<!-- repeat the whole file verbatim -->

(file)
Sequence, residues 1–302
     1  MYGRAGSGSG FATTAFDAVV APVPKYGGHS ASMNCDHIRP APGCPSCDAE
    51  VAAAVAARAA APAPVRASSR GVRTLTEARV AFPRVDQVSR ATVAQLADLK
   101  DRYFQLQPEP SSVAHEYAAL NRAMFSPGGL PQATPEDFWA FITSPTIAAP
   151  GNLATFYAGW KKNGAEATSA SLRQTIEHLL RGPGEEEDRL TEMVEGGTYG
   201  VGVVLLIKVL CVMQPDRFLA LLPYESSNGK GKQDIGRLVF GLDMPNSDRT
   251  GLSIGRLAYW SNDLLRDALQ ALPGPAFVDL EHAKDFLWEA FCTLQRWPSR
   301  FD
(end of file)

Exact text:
Sequence, residues 1–302
     1  MYGRAGSGSG FATTAFDAVV APVPKYGGHS ASMNCDHIRP APGCPSCDAE
    51  VAAAVAARAA APAPVRASSR GVRTLTEARV AFPRVDQVSR ATVAQLADLK
   101  DRYFQLQPEP SSVAHEYAAL NRAMFSPGGL PQATPEDFWA FITSPTIAAP
   151  GNLATFYAGW KKNGAEATSA SLRQTIEHLL RGPGEEEDRL TEMVEGGTYG
   201  VGVVLLIKVL CVMQPDRFLA LLPYESSNGK GKQDIGRLVF GLDMPNSDRT
   251  GLSIGRLAYW SNDLLRDALQ ALPGPAFVDL EHAKDFLWEA FCTLQRWPSR
   301  FD